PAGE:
Most diabetics depend on a reliable glucometer to test their blood glucose levels, often many times daily, and each time the glucometer is used the diabetic must also use a test strip, an alcohol wipe to clean the area, and a lancet to draw the blood. This is quite a bit of specialized merchandise that must be used daily. Diabetics afflicted with peripheral neuropathy also often require special footwear to keep their feet healthy. Those diabetics who must use insulin must have the proper syringes and even possibly the needles for the syringes to deliver their insulin dose, sometimes many times per day.

While practically any of these items can be bought at the neighborhood pharmacy, medical supply specialty businesses like dr diabetic supply are often much cheaper and carry only the very best and most useful merchandise. So if you or someone you know is a diabetic and in need of specialty healthcare supplies, remember, the neighborhood pharmacy has what you need, but you can find what you need cheaper at places like dr diabetic supply.

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Symptoms of Diabetes in Women

Symptoms of Diabetes in Women

Symptoms of Diabetes in Women

Symptoms of diabetes in women can be many, can varied, but it is important for every woman to be familiar with the symptoms of diabetes in women, especially if she has a family history of diabetes. In the present day, diagnoses for heart disease, high blood pressure and many forms of cancer are on the decline due to advances in medical knowledge as to what preventative measures can be taken.

Diabetes rates, on the other hand, continue to rise at an alarming rate, and though there is no cure for diabetes early diagnosis and treatment can help mitigate some of the worst of the disease’s health effects. This makes familiarity with the symptoms of diabetes in women very important knowledge.

Before any discussion of how to recognize diabetes in women can begin it is a good idea to note that some women are subject to gestational diabetes, or diabetes during pregnancy, which usually resolves itself after the child is born and the mother’s body returns to a more normal state. Type one and type two diabetes are chronic incurable, but treatable, conditions that occur with or without pregnancy.

The three classic early symptoms of diabetes in women that a woman should be on watch for are increased thirst, increased hunger, and increased urination. These symptoms manifest because the body is not correctly processing the glucose that comes from food and is needed to power the cells of the body. Along with these symptoms it is common for women who may be developing diabetes to get frequent yeast infections, extreme fatigue, weight fluctuations, and even numbness or poor circulation in the extremities.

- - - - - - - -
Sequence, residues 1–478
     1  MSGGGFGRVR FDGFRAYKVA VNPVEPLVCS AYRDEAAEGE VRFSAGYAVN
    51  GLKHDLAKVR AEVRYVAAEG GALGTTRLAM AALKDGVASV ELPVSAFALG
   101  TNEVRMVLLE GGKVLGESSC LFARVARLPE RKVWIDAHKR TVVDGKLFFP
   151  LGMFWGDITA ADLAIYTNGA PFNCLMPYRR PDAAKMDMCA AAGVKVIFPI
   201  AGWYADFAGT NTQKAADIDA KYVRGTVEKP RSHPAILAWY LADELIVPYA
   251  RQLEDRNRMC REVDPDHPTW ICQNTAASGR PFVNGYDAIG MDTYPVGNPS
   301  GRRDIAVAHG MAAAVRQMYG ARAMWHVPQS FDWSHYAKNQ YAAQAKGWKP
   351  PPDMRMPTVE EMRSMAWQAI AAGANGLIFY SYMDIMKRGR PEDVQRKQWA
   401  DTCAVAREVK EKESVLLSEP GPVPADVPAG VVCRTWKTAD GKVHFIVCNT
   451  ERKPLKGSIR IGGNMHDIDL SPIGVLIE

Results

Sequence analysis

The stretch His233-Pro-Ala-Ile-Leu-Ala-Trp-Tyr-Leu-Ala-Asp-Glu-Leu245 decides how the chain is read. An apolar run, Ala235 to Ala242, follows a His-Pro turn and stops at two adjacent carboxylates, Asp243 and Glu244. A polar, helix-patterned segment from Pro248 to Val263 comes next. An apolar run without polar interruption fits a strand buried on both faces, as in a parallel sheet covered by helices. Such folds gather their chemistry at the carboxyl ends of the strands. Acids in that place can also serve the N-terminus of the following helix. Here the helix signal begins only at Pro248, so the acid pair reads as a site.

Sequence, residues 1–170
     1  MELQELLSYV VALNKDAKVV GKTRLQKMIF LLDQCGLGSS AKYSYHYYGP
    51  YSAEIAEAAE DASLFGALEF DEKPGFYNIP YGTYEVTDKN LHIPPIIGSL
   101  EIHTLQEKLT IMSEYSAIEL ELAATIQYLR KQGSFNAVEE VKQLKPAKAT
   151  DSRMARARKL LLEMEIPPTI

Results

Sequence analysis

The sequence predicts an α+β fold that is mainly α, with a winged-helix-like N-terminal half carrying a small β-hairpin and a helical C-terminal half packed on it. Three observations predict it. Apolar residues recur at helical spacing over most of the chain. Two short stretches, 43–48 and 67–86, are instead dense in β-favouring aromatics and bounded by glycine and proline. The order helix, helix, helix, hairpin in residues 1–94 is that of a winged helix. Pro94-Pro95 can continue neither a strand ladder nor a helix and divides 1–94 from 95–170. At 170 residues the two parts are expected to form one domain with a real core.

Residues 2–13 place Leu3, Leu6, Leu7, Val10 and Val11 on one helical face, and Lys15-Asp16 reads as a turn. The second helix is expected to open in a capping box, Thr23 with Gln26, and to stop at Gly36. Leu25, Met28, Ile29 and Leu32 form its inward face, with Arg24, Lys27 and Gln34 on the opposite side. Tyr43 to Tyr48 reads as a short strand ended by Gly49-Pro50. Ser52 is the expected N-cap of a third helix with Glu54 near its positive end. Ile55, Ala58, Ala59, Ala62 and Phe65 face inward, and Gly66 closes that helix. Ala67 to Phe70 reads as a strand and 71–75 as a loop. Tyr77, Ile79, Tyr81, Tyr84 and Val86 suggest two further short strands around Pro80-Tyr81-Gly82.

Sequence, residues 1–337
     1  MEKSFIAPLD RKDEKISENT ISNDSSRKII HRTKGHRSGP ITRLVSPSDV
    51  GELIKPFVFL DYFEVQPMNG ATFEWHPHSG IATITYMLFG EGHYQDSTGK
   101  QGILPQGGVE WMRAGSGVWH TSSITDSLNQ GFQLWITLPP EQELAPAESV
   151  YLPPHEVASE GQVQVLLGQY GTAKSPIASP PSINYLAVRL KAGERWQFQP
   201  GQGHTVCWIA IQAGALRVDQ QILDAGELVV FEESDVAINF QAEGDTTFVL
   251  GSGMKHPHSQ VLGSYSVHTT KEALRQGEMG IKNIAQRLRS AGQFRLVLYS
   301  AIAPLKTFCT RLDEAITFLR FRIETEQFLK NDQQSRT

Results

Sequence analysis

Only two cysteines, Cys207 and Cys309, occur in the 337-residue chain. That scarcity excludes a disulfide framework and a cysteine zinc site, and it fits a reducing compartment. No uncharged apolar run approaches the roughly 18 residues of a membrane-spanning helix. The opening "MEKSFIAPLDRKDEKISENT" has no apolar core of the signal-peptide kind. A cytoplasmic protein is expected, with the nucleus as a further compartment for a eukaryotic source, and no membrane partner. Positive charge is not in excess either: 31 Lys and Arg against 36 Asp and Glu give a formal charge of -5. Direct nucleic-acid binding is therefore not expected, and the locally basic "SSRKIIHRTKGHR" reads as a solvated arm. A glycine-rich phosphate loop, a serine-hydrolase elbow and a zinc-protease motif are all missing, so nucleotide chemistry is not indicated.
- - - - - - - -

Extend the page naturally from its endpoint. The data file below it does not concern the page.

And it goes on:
If you or someone you know begins to develop these symptoms it is definitely time for a trip to the doctor for a fasting glucose test to ascertain whether you may be developing diabetes. The key to proper management and treatment of diabetes is early diagnosis, and this can be achieved if you are familiar with the symptoms of diabetes in women.

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What is a Good Blood Sugar Level?

what is a good blood sugar level

what is a good blood sugar level

What is a good blood sugar level? This is becoming a question that is being asked more and more often in doctor’s offices and other healthcare facilities all across the globe. In most places heart disease, stroke, and cancer rates are on the decline, but the numbers of new cases of diabetes continue to rise each year. Not long ago, very few people would have ever thought to ask such a question as “what is a good blood sugar level?” but nowadays the question may be the answer to the difference between a long and happy life and a shorter life plagued with diabetes associates health problems.